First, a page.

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Wednesday, November 28, 2007

Who?


There's something I need to know. Are the Whos in How the Grinch Stole Christmas the same as the Whos in Horton Hears a Who? That is, are they microscopic? If so then the Grinch would likewise be teeny-weeny, wouldn't he? Doesn't that somewhat diminish him as a threat, and make the whole story less compelling? I'm sure this has been discussed and settled somewhere on the web and I'm the last to know.

7 comments:

markheath said...

I think they are the same Whos, and that the Grinch is less of a menace to the readers/viewers than the Whos in Whoville. And not being a Who, I've always felt safely removed from his reach.

(a thought: when the Grinch gives Cindy Lou Who a cup of water before sending her back to bed, was that a peek at his true heart, the first sign that he wanted to escape his public persona? Early on in A Christmas Carol, Scrooge explains away a tear as a pimple. Perhaps that solicitous cup of water was, like the tear, a glimpse of his future self.)

richardcthompson said...

So the Whos are just very alert bacteria? And the Grinch, too? I mean, yeah, I choked up at the end where he carves the roast beast and all. But, still...

You could be right about that cup of water. If he was really as rotten as his theme song describes him, he'd just stuff Cindy Lou in the sack with everything else. I think he was more cranky than anything; probably the proximity of all those ever-cheerful pantooflering Who bacteria people did it to him. And was Grinch his title or his species?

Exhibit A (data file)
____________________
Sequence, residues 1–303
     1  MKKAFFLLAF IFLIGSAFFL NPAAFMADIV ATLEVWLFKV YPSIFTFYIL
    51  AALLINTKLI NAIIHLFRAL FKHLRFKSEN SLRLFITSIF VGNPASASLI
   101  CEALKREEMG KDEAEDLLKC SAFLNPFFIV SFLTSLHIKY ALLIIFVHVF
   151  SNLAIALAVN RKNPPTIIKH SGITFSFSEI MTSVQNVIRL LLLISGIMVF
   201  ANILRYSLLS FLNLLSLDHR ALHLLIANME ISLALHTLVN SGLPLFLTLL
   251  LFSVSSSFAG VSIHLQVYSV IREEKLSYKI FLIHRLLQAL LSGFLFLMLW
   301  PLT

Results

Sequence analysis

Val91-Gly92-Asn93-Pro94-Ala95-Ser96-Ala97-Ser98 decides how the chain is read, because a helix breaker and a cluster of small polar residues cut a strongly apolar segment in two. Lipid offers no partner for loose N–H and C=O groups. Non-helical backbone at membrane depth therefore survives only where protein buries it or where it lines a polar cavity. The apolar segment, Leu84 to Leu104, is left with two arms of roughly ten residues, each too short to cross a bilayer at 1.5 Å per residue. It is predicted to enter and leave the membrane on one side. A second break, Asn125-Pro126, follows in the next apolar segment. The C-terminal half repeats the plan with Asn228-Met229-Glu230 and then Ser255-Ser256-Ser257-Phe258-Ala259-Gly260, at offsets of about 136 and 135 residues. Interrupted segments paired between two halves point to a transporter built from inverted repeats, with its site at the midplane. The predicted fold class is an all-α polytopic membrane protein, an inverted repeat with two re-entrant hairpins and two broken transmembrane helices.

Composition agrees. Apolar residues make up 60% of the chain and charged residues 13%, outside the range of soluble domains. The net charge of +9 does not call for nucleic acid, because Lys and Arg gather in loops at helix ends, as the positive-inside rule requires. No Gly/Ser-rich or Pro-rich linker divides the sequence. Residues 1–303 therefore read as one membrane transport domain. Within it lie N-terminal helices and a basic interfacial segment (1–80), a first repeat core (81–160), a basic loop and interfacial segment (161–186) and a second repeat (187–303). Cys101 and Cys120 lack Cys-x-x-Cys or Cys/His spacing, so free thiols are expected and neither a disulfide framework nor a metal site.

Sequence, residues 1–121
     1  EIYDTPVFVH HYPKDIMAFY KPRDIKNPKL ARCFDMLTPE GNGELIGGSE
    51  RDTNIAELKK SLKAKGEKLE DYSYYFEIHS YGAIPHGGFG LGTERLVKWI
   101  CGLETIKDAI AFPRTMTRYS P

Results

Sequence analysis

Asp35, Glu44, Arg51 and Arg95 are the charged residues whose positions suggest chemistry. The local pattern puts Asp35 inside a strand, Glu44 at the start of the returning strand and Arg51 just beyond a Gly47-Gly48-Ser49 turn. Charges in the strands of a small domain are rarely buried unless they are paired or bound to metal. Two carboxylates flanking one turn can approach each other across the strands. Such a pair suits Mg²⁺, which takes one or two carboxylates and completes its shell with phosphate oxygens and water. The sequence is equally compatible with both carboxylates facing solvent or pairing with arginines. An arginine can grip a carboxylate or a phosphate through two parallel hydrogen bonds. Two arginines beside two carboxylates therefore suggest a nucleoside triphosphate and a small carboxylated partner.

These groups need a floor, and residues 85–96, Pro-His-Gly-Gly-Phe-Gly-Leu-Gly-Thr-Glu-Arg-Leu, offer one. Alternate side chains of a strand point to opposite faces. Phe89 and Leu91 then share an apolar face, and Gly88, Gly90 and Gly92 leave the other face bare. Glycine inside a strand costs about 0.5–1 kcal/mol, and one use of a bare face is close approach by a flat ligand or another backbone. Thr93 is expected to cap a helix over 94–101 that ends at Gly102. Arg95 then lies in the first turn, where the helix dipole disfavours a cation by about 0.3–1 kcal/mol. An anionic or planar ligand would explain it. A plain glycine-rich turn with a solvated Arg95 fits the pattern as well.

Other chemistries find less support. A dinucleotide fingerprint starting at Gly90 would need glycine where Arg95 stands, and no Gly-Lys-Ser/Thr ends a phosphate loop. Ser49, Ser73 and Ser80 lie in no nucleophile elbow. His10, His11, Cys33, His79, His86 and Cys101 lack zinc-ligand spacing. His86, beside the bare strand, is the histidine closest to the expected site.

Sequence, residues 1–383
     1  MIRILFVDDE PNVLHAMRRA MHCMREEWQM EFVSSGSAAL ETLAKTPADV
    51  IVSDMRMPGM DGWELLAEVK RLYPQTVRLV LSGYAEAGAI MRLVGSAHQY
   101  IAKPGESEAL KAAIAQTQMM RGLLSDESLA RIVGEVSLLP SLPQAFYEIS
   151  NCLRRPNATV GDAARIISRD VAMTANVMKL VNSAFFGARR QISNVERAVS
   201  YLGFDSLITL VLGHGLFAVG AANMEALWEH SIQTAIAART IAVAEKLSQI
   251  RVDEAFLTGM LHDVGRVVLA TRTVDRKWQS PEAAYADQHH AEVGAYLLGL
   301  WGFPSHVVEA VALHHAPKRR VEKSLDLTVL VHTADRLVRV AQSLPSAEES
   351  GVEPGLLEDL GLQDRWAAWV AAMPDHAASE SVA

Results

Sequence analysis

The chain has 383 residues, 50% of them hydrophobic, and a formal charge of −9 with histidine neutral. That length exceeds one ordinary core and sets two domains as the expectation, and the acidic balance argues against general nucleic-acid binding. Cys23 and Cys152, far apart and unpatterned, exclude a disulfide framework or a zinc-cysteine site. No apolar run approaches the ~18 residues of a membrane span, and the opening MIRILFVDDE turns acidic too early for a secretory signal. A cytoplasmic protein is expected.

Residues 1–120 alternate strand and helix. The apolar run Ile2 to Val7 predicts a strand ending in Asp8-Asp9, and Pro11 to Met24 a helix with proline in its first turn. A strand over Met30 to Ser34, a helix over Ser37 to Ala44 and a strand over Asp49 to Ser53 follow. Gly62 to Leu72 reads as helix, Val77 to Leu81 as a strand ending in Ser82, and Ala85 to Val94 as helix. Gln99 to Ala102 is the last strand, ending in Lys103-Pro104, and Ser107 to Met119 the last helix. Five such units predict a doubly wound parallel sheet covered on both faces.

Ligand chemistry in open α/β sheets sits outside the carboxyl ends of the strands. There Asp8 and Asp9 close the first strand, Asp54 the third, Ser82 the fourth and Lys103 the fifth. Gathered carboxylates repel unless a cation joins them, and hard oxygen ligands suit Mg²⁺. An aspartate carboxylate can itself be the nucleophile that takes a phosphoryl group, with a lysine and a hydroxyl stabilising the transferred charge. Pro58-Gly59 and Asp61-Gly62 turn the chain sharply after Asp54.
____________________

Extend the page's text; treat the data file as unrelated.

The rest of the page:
Stacy Curtis said...

Grinch was his species, Dick Cheney was his title.

He probably gave Cindy Lou a glass of water, hoping she'd whiz the bed in the middle of the night.

richardcthompson said...

Ha, shoulda known Cheney was mixed up in this.

My daughter showed me a cartoon that had his (the Grinch's, not Cheney's) enlarged heart blamed on all the roast beast he eats. I'm embarrassed to say I don't remember who drew it.

Josh said...

Actually in the book version of the story, it states that Cindy Lou got out of bed specifically for a glass of water. The Grinch gave her the water just to get her out of the way so he could resume his nasty meanness.

markheath said...

In the book, does an ornament roll into Cindy Lou's bedroom? Or was that just a cinematic transition from the Grinch to the girl? I wrote a long post at my blog on the inherent sweetness of the Grinch, based on the cartoon.

I like the idea that the Grinch had a larger heart all along. I think I'll ignore the source text and treat the cartoon as the true story. This critical trick is done all the time with A Christmas Carol. There have been so many versions that the films have a truth of their own. In some movies Scrooge softens quickly. In others he's hard as flint to the penultimate moment. In others he's not a miser, just a lonely guy. Still others show him as mercenary, in love with business, a rich man (though according to the book, how rich could Scrooge be; he only has one employee.)

markheath said...

I have a large collection of Christmas Carols by different illustrators. One of my favorites is the Ronald Searle edition. I'd love to see a Richard Thompson edition. I hope you don't mind the suggestion, because I'll be making it every year until it happens.